Other rules of detecting the shifts have been developed and are described by Nelson (Fryman 2001, p235). Assuming normal distribution, each of the eight patterns 0.5% probability that it will occur when the process is in control. The rules include (i) one point being outside the control limits, (ii) nine points in a row below or above the center line, (iii) six points in a row increasing or decreasing steadily, (iv) fourteen points in a row alternation up and down.
The trend indicated by (ii) above may suggest that the shift is resulting from causes such as tool wear, improvement of operator skills, or change in materials used. The fourth rule (iv) could suggest that there are too many adjustments done after every sample. The probability of getting a wrong signal from the four tests is about 1%. It is, therefore, advisable to look out for any abnormal behavior of the points.
According to Brussee (2004, p177). If it is economically desirable, it is advisable to carry out extra other tests to have early warning. This increases the probability of a false signal to close to 2%. The extra tests are based on dividing the region between the control limits into six zones. Each zone is one sigma wide, and there are three zones on each side of the center line. The zones are labeled A to C from the top while the bottom three are the mirror image. With these, there are two additional rules; (v) two out of three points in a row in or beyond zone A and (vi) four out of five points in a row in or beyond zone B. These additional rules are appropriate when there is more than one source of data.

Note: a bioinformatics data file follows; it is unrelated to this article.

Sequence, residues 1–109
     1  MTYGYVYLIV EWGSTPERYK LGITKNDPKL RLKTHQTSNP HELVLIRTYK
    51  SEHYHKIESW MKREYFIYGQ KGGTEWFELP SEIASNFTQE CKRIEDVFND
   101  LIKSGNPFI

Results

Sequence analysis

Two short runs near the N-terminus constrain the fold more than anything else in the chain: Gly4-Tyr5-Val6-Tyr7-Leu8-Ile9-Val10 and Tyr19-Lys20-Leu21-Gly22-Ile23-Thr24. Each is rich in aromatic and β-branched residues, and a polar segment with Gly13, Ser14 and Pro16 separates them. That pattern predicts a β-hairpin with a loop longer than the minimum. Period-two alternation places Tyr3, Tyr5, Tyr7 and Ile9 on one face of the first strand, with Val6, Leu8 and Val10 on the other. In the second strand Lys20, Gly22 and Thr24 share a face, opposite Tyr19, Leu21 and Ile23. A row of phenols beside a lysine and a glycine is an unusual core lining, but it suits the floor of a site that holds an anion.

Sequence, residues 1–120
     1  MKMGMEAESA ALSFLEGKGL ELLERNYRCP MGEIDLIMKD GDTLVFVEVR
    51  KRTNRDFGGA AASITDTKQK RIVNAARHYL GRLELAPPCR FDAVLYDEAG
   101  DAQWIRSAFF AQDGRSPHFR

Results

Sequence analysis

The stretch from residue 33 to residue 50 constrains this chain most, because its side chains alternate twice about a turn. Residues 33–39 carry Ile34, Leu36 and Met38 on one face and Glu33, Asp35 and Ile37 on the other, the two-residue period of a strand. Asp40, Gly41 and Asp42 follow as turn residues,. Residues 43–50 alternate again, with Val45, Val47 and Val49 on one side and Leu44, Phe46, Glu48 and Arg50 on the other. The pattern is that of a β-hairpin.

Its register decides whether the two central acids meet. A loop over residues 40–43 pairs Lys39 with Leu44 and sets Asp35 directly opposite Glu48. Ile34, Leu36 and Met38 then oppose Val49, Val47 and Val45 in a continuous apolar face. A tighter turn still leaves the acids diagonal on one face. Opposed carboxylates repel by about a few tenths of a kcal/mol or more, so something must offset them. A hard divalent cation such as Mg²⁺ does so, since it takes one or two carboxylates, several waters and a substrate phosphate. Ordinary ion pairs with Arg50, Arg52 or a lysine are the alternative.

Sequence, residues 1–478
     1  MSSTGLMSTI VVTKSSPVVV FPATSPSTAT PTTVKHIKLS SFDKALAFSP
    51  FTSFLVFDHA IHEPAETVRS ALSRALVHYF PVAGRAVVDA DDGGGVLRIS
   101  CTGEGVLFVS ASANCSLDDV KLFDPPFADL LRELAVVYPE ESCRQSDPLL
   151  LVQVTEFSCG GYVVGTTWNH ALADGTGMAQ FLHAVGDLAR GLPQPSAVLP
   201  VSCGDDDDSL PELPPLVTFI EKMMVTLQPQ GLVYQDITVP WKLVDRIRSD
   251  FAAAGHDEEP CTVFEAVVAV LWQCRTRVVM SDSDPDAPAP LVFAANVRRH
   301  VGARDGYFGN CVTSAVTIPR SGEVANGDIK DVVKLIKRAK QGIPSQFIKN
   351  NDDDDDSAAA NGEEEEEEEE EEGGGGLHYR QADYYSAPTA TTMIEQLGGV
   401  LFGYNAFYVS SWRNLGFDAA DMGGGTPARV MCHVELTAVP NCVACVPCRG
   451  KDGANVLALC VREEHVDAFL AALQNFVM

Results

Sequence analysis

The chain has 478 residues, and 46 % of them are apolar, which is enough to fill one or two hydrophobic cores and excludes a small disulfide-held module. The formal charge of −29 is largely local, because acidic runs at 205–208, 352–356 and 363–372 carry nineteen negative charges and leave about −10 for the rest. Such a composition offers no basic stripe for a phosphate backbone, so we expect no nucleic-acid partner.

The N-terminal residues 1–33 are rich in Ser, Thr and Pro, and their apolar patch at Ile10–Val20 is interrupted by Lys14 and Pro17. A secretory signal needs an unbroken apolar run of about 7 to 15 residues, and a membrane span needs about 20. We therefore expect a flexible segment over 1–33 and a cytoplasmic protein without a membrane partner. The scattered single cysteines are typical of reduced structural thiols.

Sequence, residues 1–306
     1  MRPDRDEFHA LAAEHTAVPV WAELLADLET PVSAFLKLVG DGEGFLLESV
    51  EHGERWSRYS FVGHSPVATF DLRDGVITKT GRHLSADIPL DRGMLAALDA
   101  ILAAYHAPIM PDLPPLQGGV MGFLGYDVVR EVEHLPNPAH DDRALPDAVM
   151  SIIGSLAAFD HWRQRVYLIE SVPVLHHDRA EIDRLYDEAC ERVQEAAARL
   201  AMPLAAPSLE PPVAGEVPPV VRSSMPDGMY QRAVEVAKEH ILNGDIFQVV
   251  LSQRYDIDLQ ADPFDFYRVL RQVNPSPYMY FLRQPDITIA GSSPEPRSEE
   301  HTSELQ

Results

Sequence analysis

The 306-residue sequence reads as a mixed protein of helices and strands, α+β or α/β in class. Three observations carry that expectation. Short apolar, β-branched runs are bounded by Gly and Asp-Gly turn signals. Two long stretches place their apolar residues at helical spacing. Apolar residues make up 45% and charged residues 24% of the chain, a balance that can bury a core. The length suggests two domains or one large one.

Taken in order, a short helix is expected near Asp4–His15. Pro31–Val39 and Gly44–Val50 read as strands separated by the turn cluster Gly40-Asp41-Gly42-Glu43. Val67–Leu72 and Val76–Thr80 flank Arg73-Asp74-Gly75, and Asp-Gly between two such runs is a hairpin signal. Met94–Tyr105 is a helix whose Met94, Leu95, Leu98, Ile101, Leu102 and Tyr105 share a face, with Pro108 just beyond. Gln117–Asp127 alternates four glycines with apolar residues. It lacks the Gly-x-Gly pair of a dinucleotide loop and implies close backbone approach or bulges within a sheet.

The above-described rules have redundancies, as one rule may sometimes include the other. They should, therefore, not be followed slavishly. Any unusual pattern in the points is a sign of the need to look for a special cause.
Ab Rahman, M.N., Zain, R.M., Alias, A.M. and Nopiah, Z.M., 2015. Statistical process control. Maejo International Journal of Science and Technology, 9(2), pp.193-208.
Brussee, W. 2004. Statistics for Six Sigma made easy: Chapter 16 (p177) New York: McGraw-Hill.
Fryman, M. 2001. Quality and process improvement. (p235) New York: Autodesk.
May, G. S., & Spanos, C. J. 2006. Fundamentals of Semiconductor Manufacturing and Process Control. (p182) Hoboken: John Wiley & Sons.
Oakland, J.S., 2007. Statistical process control. Routledge.
Xie, M., Goh, T. N., & Kuralmani, V. 2002. Statistical Models and Control Charts for High-Quality Processes. (p21) Boston, MA: Springer US.